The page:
Effects of Binge Drinking

The effects of binge drinking are more dangerous than most people realize, as they impact the body, immediate behaviors, and decision-making. Binge drinking significantly increases the risk of engaging in unsafe sexual behavior and other destructive activities that endanger the person involved in binge drinking and those around them.

The effects and dangers of binge drinking include:

  • Unintentional harm and fatalities encompass road accidents, slips, submerging, and alcohol poisoning
  • Heightened vulnerability to becoming a victim of violence and sexual assault
  • Increased likelihood of drug use
  • Experiencing blackouts and periods of memory loss
  • Vomiting and subsequent discomfort
  • Hangovers are the unpleasant after-effects of excessive drinking
  • Greater susceptibility to sexually transmitted diseases
  • Unplanned pregnancies due to impaired judgment and decision-making.
  • Suicidal thoughts and behaviors
  • Legal troubles arise from poor judgment and engaging in risky behaviors

While most short-term health effects of binge drinking subside as alcohol leaves the body, repeated episodes can lead to long-term physical and mental health problems, similar to other alcohol use disorders.

effects of binge drinking

Long-Term Consequences of Binge Drinking

In the end, people will face long-term problems because of drinking too much, which can lead to developing a habit of drinking alcohol.

Drinking too much alcohol for a long time can cause the following problems:

  • Weakening your body’s ability to fight off illnesses
  • Forgetting things or having trouble with your memory
  • Finding it hard to think and learn new things
  • HIV
  • Erectile dysfunction
  • Fertility issues
  • Liver damage
  • Heart damage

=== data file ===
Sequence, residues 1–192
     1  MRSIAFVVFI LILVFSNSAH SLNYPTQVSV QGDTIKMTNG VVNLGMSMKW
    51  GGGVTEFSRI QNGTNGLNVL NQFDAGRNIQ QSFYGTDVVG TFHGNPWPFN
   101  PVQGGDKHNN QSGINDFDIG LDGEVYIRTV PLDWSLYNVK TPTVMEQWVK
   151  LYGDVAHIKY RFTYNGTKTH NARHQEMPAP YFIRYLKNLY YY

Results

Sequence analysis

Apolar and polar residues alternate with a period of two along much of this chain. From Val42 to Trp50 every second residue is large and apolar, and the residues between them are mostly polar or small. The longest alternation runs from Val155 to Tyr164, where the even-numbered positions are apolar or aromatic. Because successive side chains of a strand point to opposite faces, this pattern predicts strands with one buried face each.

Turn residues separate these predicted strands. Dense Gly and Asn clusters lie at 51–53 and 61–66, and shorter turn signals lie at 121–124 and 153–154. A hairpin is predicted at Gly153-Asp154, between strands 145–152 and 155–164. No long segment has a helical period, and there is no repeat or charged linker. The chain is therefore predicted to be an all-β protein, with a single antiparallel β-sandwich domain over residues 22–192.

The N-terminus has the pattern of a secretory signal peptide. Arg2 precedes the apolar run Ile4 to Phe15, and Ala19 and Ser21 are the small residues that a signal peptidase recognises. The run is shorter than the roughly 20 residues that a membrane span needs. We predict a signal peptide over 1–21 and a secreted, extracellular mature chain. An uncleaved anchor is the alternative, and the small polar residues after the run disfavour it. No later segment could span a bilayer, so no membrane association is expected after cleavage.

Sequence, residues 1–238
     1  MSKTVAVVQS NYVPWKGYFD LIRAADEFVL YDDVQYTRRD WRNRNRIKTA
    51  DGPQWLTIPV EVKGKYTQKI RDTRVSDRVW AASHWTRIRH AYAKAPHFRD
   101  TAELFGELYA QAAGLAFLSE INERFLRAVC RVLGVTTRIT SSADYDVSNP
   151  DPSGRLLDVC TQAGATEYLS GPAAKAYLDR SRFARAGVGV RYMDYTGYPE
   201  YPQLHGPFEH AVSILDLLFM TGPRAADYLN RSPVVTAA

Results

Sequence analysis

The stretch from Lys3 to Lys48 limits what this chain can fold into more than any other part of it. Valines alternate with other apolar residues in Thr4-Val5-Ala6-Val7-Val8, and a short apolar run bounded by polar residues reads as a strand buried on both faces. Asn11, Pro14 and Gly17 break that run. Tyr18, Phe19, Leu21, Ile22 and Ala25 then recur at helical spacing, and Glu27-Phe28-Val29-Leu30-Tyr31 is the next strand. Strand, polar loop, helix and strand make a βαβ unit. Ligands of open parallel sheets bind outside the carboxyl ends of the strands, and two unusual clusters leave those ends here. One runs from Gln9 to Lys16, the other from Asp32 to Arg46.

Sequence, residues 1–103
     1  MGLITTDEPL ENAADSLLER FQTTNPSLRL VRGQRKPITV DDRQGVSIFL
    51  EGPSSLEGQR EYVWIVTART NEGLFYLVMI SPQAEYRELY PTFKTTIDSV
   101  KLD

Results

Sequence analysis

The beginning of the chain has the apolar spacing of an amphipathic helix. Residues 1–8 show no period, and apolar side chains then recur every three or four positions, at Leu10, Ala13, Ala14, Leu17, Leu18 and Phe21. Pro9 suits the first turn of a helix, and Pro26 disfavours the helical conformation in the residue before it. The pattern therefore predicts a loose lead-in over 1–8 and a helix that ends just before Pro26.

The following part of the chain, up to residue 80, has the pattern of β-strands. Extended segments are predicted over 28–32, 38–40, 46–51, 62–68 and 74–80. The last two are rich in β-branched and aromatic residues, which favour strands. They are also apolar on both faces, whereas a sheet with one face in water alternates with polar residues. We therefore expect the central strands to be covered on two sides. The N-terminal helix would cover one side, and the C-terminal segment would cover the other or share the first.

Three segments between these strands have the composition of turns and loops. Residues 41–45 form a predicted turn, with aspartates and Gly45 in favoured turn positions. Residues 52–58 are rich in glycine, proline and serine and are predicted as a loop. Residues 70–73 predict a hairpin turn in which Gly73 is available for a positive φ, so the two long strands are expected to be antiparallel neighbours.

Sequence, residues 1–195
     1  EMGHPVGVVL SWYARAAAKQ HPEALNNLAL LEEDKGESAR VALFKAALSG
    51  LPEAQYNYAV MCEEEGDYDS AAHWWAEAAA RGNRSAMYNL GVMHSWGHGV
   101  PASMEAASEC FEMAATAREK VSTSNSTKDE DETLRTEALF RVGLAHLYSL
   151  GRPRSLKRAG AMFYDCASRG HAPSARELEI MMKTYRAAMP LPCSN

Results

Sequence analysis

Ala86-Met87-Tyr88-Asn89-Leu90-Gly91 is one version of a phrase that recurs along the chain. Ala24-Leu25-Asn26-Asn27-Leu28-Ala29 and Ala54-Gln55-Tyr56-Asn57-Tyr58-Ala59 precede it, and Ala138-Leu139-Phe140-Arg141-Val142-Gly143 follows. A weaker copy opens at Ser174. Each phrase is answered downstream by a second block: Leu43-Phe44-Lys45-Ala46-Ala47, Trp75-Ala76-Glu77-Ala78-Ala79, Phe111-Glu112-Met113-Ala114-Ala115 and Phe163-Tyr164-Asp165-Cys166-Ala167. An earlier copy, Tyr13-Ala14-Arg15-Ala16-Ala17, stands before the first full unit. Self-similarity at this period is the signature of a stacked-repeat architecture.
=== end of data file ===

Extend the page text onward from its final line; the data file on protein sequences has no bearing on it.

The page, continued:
• Kidney damage
  • Pancreatitis
  • Making your blood pressure higher than it should be
  • Changing your moods and making you feel sad or worried
  • Increasing your chances of having a stroke (when blood can’t reach your brain correctly) or a heart attack (when your heart stops working properly)
  • Seizures
  • Post-acute withdrawal syndrome, which can make you feel highly uncomfortable after you stop drinking

Like other problems related to using substances, drinking too much is caused by a mix of things like how your body works, how you think and feel, what you do, and the things around you. Overcoming this problem requires a treatment that’s based on facts and has been proven to work, and it should cover all these different aspects.

The places where you spend time with others can significantly impact how much you drink. Going to a treatment center where you live for a while can help you start fresh in a new place where you won’t feel pressured to drink.

Evidence-Based Alcohol Abuse Treatment

You don’t have to wait until your drinking is out of control to seek help. There’s support available and a different way of living for you or your loved one if binge drinking has become a concern.

At Northridge Addiction Treatment Center, we take pride in our comprehensive approach to treatment that focuses on the whole person and is based on solid evidence. We’re here to help you tackle and overcome all aspects of alcohol abuse and addiction.

Get in touch with our team of compassionate treatment specialists now. We’re eager to assist you in starting a life centered around recovery.

Find Meaningful Recovery

Our caring and compassionate specialists are eager to help you comfortably navigate this journey to recovery. Our individualized treatment plan, programs, and therapies may be a perfect match for you or your loved one. Let us assist you in living the happy life you deserve. It starts with a phone call.